I’ll also agree that we probably spend too much time debating finer points of theory when there’s real world work to be done. That’s why I’m pleased somebody has nailed down a solid practical definition like this one. It works and I can use it to help real world clients solve problems.

      But I can’t agree that this knowledge is commonplace, or that the “debate” is just for the chatter-sphere. Otherwise there would be more well crafted brands than bad ones – and we both know that just isn’t the case.

      Otherwise we’d both be out of a job.

  2. Well, I for one love this definition. It’s so elegant, concrete and useful.

    I’ve been *working* with a brand consultant for years and I still couldn’t easily articulate what a brand was. That little formula will help a lot with the brand work I’m doing in Action Studio.

    Thanks, Dennis!

    1. Yeah, and I’ll have to admit, I’ve been fishtailing around the edges of a definition myself for years. I’ve been much better at talking about what a brand ISN’T than what it IS – mostly that it ISN’T something you can own or fully control.

      The nice thing about this definition is that both parts are owned by the customer, not the brander. Promises are owned by the recipient, not the maker, and differentiation can’t exist in a vacuum: it MUST be judged relative to its counterpoints.

      There is no platonic ideal of your brand or mine hovering around in space waiting to be discovered. It needs to be worked out, negotiated into existence, debated on, and as much as possible, agreed on between real people.

  3. That is exactly how we have been defining “brand” for years, only in simpler form: “The promise you make to your customer.”

    People buy emotionally and justify logically. So a properly constructed definition of that promise establishes the “how you differ” by being emotionally relevant and engaging, and then DEFENDABLE (that is, does only your company actually fulfill what it promises, and is it the only company fulfilling that promise?)

    As simple as it is to say, it takes a lot of “roll up your sleeves” work that most people just don’t have the time, discipline, or methodology to do properly.

    I’ve seen this discussion a lot recently, more from the point that marketers and brand pros are adding to the noise and confusion by mixing and matching or “inventing” new definitions, or adding layers of “Brand things”: Statement, Essence, Promise, Magic, Mantra, Proposition that seem to dilute the very basis they establish. They will arrive at a fairly good Promise statement, and then add these thickened layers which then start to overlay words and ideas on the original Promise, with nuances (or in some cases I’ve seen, BOLD contrasts) that actually change meaning.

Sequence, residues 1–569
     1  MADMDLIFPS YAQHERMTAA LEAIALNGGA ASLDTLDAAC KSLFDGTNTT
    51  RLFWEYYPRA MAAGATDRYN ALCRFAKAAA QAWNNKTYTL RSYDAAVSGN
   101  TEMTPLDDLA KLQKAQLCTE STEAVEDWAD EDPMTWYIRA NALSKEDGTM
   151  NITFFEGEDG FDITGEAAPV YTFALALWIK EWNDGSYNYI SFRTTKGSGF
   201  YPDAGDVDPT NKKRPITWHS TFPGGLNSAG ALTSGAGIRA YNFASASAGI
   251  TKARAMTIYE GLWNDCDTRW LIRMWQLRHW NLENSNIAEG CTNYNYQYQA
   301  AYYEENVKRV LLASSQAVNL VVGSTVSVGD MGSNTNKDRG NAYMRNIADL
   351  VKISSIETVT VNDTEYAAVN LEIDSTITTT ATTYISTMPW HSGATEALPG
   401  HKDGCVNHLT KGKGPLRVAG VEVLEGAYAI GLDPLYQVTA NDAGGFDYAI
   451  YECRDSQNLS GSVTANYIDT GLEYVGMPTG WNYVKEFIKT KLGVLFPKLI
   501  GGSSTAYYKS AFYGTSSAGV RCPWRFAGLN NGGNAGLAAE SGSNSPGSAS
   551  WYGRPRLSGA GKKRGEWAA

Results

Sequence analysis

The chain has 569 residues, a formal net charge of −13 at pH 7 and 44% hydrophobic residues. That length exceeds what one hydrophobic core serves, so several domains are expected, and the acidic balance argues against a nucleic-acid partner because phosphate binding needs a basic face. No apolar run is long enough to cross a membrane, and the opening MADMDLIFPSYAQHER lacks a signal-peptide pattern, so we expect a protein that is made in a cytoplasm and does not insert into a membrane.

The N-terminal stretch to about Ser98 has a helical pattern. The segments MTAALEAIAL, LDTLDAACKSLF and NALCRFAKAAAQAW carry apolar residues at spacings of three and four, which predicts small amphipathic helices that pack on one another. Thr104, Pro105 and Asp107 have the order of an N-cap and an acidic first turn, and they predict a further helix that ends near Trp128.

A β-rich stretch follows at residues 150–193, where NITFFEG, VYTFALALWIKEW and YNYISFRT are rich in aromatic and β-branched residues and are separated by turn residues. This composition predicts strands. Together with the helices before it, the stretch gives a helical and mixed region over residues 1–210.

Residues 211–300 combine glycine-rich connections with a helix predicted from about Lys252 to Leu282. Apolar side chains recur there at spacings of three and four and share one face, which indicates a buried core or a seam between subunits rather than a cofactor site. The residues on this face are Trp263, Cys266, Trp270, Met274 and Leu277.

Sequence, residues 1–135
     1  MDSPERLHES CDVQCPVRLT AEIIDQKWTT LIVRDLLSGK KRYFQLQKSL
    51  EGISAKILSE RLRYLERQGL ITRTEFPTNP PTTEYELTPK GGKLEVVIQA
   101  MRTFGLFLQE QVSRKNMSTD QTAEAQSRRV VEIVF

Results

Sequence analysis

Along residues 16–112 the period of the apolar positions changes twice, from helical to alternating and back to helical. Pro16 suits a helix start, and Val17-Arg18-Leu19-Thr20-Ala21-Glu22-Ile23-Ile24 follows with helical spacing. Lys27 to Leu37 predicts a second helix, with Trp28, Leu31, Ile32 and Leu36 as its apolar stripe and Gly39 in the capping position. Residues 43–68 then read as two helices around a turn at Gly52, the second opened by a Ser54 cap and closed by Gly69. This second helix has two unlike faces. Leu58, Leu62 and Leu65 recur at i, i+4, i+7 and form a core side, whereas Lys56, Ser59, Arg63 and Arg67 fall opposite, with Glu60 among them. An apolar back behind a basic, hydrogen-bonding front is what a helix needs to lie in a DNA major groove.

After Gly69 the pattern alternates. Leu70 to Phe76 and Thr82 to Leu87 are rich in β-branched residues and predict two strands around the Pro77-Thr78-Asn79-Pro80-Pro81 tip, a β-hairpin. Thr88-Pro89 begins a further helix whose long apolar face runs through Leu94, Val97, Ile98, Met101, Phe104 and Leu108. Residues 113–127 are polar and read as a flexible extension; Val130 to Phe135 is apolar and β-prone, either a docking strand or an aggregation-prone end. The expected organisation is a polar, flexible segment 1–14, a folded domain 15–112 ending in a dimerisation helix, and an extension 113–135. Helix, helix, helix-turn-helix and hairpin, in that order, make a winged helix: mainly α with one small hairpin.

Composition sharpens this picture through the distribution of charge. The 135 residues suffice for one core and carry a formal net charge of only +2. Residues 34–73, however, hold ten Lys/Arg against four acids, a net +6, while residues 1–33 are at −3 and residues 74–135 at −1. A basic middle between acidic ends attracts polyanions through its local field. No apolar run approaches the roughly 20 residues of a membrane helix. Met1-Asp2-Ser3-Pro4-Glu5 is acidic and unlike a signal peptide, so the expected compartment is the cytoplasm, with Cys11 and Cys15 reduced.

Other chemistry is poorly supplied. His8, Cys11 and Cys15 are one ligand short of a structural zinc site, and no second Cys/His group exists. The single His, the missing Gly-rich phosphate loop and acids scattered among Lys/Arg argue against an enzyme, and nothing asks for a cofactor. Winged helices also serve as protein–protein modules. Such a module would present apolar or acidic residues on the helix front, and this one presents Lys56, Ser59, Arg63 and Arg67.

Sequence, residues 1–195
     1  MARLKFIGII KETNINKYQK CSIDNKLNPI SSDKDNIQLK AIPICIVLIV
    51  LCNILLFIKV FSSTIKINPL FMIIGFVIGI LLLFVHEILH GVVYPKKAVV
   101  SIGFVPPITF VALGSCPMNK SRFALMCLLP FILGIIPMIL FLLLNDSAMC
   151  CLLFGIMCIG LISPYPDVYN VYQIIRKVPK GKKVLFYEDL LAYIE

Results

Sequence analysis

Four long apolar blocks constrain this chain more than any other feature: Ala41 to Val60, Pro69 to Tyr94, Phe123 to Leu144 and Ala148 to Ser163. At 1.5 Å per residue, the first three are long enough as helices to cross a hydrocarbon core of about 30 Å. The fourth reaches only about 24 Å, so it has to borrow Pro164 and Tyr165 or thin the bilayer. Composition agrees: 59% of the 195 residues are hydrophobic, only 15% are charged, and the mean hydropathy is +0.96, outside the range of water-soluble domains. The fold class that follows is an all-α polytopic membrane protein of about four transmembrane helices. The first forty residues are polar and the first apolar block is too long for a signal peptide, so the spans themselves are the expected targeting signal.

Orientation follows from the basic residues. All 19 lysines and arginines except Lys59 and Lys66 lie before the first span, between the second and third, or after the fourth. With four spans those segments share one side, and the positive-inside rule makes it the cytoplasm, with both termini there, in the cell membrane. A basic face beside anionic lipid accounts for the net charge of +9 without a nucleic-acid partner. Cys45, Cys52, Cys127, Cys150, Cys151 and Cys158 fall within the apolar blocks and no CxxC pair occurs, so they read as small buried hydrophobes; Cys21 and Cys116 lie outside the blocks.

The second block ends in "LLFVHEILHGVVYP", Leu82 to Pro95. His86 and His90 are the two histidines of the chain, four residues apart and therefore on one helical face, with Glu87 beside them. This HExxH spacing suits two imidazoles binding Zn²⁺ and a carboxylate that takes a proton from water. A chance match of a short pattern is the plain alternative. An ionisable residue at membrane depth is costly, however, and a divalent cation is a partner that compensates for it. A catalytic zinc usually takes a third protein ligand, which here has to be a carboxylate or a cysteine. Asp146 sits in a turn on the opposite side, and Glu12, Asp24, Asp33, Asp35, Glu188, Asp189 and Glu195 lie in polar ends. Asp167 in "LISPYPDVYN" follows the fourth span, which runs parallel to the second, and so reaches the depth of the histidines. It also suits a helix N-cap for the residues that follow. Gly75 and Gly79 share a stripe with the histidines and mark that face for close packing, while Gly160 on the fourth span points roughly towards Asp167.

I get it, we’re all trying to create the ultimate proprietary way (with a cool name) to arrive at a brand and market those services, but in the end we are sometimes hurting our own cause.

    1. Nice. I love your image of “thickening layers” – the additional complicating factors branders add to make themselves seem smart and clever, when the really clever brander is the one who removes layers.

      However, lest I appear thick myself, I’ve never felt that the equation Brand=Promise was enough – even if you nuance it by saying it must be RELEVANT, emotionally compelling, or whatever (all of which are part of the picture).

      One of my clients right now was trying to build a brand around this promise: Quality, Service, and Price. All good, and definitely relevant. But not different – either within their industry or across industries.

  4. Dennis,
    great. I forget whether it was a “branding” or something else talk you gave many years ago where you said your “brand” (or whatever it was) had to have a positioning statement (to anchor you) and then a differentiater (what makes you special). Hard to do, but very powerful when accomplished.

    Don’t know who came up with it first, but if something is good to go for you *and* Terry then it’s gotta be good.


    1. Ssshhh! I’m trying to help poor Terry O’Reilly feel like he came up with this by himself, and you go pointing out that I’ve been saying similar stuff all along!

      So yes, it’s true. I’ve always had two parts to my “Good Jazz” of a great brand (did I mention that in my talk?) – a left brain and a right brain, a yin and a yang, an anchor and a sail.

      But really, what I love about the PROMISE+DIFFER formula is not that it’s revolutionary, but that it makes good plain sense.

  5. Nice post, Dennis.

    I continue to be entertained by the (good and the bad) branding efforts of many businesses. Terry O’Reilly has a knack for exposing and explaining how and when the branding message works and when it does not. I have been a fan of his ‘The Age of Persuasion’ radio program for some time and I am glad to see that he has put out this book. Thank you for shining a light on it.